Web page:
“Room for Dessert” Business Plan Assessment

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“Room for dessert” – Business plan assessment

Introduction

Many people believe that a business plan is helpful but not necessary. This is true in the sense that business plans are helpful but, in fact, they are vital if you are serious about success in both short and long term. The aim of this paper is to evaluate and critically assess the “Room for dessert” business plan.

The remainder of the paper is organized as follows: Section 2 will try to analyze who is the audience for the plan, what are their needs, and how well does the business plan meet those needs.

Section 3 will discuss about the strengths and the weaknesses of the business idea, while the final section will present a personal opinion on the critical issues that might require further investigation before investing in this venture and the way the information might be acquired.

Who, What, How well? Many would think that business plans it’s all about formulating the concept and clarifying the details of the proposed business but, first of all, it’s about raising the money to start-up and implement the idea in the real world.

When we talk about raising the funds, we implicitly talk about the investors who are looking for the best investment opportunity out of thousands of business plans sitting on their desk, making the business plan the core and probably the most decisive document of the business.

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It is the case of RFD as well; their business plan audience is the investors. As Sahlam (1997) recommends, in order to speak the language of the investors it is essential to assess the four interdependent factors critical to every new venture: the people, the opportunity, the context and the risk and reward.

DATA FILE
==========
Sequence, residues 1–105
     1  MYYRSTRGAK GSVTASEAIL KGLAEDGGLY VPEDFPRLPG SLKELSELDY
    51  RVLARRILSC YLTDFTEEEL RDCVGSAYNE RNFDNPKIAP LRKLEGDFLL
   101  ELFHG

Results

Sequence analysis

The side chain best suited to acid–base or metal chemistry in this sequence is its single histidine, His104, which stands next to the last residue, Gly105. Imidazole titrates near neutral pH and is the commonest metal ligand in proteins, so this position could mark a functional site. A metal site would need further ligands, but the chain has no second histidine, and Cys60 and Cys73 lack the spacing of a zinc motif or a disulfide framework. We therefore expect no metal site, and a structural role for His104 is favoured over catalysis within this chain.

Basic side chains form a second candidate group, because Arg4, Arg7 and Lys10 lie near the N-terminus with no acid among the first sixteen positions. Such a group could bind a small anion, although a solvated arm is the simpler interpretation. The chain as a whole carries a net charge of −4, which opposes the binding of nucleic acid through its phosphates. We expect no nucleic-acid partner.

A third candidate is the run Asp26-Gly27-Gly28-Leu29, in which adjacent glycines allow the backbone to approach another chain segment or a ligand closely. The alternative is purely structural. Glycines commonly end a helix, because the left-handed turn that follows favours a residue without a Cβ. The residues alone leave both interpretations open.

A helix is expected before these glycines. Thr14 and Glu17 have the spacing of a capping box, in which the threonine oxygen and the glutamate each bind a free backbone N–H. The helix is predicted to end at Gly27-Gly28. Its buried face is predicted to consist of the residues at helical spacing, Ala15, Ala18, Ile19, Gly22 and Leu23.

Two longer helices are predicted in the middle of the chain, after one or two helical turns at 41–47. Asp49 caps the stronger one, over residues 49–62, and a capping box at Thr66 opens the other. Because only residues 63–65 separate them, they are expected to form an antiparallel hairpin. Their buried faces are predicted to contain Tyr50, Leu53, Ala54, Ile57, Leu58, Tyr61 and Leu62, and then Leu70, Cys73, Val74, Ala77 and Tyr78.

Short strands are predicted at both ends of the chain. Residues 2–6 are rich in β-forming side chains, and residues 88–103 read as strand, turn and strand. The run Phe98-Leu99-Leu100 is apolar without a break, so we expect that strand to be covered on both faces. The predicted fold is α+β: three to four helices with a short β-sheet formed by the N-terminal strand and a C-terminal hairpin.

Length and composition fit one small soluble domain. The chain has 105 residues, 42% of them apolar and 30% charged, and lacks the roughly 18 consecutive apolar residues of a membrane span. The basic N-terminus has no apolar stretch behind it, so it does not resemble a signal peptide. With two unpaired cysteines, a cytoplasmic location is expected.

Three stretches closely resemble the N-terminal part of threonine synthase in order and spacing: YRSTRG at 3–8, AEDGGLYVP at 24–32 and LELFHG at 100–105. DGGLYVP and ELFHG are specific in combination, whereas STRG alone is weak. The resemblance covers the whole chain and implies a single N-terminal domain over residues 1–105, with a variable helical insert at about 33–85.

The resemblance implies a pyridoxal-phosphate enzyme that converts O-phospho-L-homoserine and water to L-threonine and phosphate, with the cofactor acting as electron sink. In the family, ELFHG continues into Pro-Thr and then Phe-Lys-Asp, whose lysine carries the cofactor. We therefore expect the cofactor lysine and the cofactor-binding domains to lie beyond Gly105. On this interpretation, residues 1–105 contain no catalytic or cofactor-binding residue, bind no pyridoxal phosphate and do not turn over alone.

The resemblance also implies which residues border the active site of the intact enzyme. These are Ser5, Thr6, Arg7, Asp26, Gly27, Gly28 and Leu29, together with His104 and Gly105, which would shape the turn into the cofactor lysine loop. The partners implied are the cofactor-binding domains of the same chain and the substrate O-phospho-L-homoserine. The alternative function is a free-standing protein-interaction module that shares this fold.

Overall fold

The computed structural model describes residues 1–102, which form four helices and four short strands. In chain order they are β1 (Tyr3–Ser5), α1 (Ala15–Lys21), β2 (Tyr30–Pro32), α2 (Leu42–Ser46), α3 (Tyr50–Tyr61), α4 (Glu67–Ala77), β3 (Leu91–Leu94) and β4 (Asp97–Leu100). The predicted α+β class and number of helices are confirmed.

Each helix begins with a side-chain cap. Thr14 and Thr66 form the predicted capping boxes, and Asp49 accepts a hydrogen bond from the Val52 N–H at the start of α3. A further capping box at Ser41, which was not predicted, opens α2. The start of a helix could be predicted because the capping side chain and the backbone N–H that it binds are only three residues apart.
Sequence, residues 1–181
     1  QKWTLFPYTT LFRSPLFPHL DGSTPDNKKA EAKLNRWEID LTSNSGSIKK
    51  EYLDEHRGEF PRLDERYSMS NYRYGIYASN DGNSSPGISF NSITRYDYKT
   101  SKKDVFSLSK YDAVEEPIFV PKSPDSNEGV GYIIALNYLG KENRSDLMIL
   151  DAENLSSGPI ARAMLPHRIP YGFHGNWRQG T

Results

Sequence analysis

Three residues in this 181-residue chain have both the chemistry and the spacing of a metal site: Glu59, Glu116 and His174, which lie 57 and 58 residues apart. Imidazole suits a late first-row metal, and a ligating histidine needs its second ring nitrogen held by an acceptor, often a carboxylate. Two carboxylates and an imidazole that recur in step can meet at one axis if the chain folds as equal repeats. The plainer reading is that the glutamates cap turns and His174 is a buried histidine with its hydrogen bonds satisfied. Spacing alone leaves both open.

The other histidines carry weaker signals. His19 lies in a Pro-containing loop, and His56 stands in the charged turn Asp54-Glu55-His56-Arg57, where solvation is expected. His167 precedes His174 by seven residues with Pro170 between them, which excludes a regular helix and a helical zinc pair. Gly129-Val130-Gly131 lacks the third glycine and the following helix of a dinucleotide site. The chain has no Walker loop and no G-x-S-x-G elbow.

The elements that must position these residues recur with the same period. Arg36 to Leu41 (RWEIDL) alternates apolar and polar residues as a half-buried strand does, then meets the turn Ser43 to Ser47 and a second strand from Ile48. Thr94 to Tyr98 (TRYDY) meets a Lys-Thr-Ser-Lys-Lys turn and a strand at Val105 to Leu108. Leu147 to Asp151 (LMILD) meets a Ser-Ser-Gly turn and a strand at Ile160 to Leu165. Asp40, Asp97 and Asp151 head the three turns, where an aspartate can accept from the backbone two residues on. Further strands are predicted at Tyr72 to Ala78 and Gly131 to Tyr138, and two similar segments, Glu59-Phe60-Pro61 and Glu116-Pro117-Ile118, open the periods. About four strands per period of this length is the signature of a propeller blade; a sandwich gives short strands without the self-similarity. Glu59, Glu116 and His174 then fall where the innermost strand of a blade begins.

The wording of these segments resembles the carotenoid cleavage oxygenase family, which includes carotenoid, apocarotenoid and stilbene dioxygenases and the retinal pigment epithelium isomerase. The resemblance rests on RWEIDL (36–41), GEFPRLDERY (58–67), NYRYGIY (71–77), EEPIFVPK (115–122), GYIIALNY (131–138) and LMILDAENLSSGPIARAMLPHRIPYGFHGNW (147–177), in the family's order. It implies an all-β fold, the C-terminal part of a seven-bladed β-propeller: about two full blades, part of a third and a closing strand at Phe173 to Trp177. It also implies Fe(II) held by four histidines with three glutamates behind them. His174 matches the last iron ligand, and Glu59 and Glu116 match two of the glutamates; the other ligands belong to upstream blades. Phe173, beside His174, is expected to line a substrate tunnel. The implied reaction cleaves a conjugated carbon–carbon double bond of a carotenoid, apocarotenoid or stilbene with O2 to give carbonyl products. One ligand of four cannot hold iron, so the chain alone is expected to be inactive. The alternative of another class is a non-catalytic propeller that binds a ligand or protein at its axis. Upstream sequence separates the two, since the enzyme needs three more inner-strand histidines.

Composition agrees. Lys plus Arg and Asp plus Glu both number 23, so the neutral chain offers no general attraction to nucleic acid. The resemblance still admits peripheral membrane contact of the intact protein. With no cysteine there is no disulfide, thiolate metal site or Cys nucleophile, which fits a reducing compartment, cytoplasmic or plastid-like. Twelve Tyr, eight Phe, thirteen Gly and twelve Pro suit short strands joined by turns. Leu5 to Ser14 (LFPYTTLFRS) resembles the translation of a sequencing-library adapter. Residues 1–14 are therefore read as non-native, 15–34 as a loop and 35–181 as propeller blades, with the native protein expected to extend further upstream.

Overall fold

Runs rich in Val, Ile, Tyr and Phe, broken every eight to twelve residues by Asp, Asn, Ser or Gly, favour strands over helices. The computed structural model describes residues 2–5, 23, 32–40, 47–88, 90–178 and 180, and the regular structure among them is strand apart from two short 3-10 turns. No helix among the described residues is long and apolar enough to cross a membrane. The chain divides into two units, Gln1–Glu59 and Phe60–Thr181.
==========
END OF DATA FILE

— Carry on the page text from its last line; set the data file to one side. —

Desert F

When discussing about the people behind the business, the investor values the managers who posses insight and experience and he is interested to see how familiar the team members are with the industry and its dynamics. In our case, RFD’s board of directors is represented by accomplished industry experts. Along with their summaries the short presentation of the management makes the assessment of the people clear and easy.

Focusing not on the individuals, but on the team, it is noticeable that the team members complete each others, having various educational backgrounds and work experience in different fields covering all the departments of the business. The team members have good insight of the industry, even more suggesting as future potential members of the board professionals from the relevant industry to the business. It deserves full marks.

In terms of opportunity, Sahlam suggests that the investor should look in the business plan at the size of the market, the possibility of rapid growth and the number of competitors for that specific business. After the industry examination, RDF business plan describes the way they will build and launch the product and it’s economically viability, checking at the same time the costs, prices and period of time for payment and collecting. Moreover, the data is realistic, presenting the promises for expansion, the drawbacks (variables) and the actions available in case of bias.

RDF business plan covers very well the opportunity issue, defining the target customers with high precision (age ranges 25-35 and 35-54, with median household income of $52,100 and their preferences), providing in a clear manner the concept of their product, the operations and facilities and their marketing strategy. Furthermore, a comparison with the competitors is provided along with a description of the potential entrants. Both market and financial analysis are included and presented in both descriptive and graphical ways. It deserves full marks.